In Malaysia, Korea squares off against Syria and the weatherThe second match of the final round for the upcoming World Cup qualifier is to take place tomorrow in Malaysia against Syria. Uli Stielike and the team seem to be in fine form with Hwang Ui-jo receiving an unexpected call-up to join the squad as its latest member. While the game against Syria is expected to be an easy win, the fickle weather in Seremban, Malaysia, could make for a tricky game.
While Korea is coming out of the first match of the qualifiers with a 3-2 win over China on Thursday, Syria suffered a 1-0 loss against Uzbekistan on Friday. Assigned to Group E in the previous round along with Japan, Singapore, Afghanistan and Cambodia, Syria came out of the group as its runner-up after the Japanese outfit with six wins and two losses, the two losses coming only from the matches against Japan. Impressive as the record may seem, however, Syria was routed by Japan 0-3 and 0-5. Against Korea, it is likely to play defensive football, as well.
Aware of this, Stielike had to bolster the team’s offense. The German-born manager already lost Suk Hyun-jun of Trabzonspor even before the qualifiers started, which meant he had fewer options for the center forward position. Suk dropped out of the roster because Stielike thought it best for the forward to take time to adjust to his new club in Turkey and travelling back and forth would only make things difficult for Suk. To make matters worse, Son Heung-min of Tottenham Hotspur of the English Premier League, who was at the front of it all during the team’s offensive effort against China, left the team to return to his club.
A solid tactician, Stielike called up Hwang of Seongnam FC to fill the vacancy left by Son. “I was surprised when I got called up to join the team,” Hwang told reporters at the Paju National Football Center on Friday. “I will give everything I have for the team.” While Hwang fills in for Son, Ji Dong-won and Koo Ja-cheol will play alongside the Seongnam’s target man, as they did with Son against China, when Ji carded two assists including his cross to Koo, which he netted in the 66th minute. Ji and Koo, both playing for the FC Augsburg of German Bundesliga, have the chemistry in offense that Stielike can count on. With Hwang alongside the Augsburg duo, the three will have that much more synergy.
Now that Stielike has managed to get a handle on the most impending issue, the next challenge facing the squad is the venue’s fickle weather. Syria is currently in a civil war so it is in no position to host a football match, which is why the venue was initially set for Beirut, Lebanon. Safety concerns came to the surface once more, however, forcing the football associations of the two countries to find an alternative venue in Macau. But this plan was dashed when the Syrian Football Association and its Macau counterpart could not reach an agreement on terms and conditions. Finally, the Asian Football Confederation (AFC) decided to host the game at Paroi Stadium in Seremban, Malaysia, about an hour away from Kuala Lumpur where the headquarters of the AFC are located.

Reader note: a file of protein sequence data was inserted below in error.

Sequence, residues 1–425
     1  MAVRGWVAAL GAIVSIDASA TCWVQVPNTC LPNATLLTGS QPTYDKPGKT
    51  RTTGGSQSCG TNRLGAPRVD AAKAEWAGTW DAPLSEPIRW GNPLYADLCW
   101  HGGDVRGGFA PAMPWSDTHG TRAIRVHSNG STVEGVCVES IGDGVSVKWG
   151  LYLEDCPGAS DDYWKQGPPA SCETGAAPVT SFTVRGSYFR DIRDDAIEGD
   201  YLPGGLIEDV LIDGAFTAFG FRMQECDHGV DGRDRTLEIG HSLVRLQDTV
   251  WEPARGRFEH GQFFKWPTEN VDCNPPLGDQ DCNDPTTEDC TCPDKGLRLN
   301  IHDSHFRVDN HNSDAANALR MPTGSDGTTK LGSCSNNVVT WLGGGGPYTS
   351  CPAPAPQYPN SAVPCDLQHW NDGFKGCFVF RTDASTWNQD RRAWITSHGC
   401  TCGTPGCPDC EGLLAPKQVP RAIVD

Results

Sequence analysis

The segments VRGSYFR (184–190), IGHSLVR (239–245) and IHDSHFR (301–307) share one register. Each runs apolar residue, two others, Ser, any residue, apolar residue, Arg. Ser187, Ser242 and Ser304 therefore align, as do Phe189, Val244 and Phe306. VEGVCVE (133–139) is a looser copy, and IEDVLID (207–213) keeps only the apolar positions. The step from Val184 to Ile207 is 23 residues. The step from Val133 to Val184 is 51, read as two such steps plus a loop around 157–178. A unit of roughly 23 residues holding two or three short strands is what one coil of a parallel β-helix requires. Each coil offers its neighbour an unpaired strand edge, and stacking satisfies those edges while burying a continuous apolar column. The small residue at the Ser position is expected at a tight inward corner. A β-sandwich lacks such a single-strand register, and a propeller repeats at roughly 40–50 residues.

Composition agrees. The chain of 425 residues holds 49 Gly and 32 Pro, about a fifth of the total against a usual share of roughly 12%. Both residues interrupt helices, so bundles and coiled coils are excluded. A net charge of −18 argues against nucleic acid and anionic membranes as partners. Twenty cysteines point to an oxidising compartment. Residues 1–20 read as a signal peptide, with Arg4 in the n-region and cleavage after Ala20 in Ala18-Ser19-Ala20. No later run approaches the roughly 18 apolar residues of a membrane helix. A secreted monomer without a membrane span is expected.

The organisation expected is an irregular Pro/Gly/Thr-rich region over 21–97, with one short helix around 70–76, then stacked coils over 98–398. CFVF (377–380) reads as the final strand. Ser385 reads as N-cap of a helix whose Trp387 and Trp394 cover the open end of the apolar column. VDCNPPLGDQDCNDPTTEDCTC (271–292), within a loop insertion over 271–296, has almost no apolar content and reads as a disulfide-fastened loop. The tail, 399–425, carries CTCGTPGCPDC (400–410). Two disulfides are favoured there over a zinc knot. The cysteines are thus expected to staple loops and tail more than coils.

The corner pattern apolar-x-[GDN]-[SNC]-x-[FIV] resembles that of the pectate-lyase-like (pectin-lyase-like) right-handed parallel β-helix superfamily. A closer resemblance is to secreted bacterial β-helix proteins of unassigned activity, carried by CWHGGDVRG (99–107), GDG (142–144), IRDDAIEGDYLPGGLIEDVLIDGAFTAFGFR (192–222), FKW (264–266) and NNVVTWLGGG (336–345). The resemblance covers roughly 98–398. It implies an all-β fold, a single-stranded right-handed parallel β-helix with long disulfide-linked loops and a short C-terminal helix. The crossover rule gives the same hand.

In terms of weather, Seremban is at this time of year the typical Southeast Asian city: hot, humid and unpredictable. On Tuesday when the match is slated to take place, the weather forecast predicts scattered thunderstorms with the temperature going from 24 degrees Celsius (75 degrees Fahrenheit) to 32 degrees and the level of precipitation at 80 percent and humidity at 76 percent.
The temperature at 8 p.m. during kick-off is forecasted to be around 28 degrees Celsius. But no one can really know what the weather will look like. Predictions are different for other forecast agencies, some conjecturing that it may be sunny on Tuesday. The only thing that the Korean squad can count on is that they have no idea how the weather will turn out, except that whether it is sunny or stormy, it will be swelteringly hot.
This is not the first time the Korean team is playing in Southeast Asia this year. In March, Korea played in a friendly against Thailand. Granted, Stielike and the team came out with a 1-0 win but the second half of the match was as miserable as any. The players seemed out of gas and they struggled against the Thai offense, a team that is ranked 120 according to the FIFA Rankings, 72 steps below Korea. Hence, the key point of the match against Syria will be how well players handle themselves in terms of stamina so as to not come crumbling down in the second half.
Meanwhile, the Syrian team remains optimistic in their bid to reach the World Cup to give hope to their otherwise war-torn nation. Syria has never qualified for the World Cup.
BY CHOI HYUNG-JO [firstname.lastname@example.org]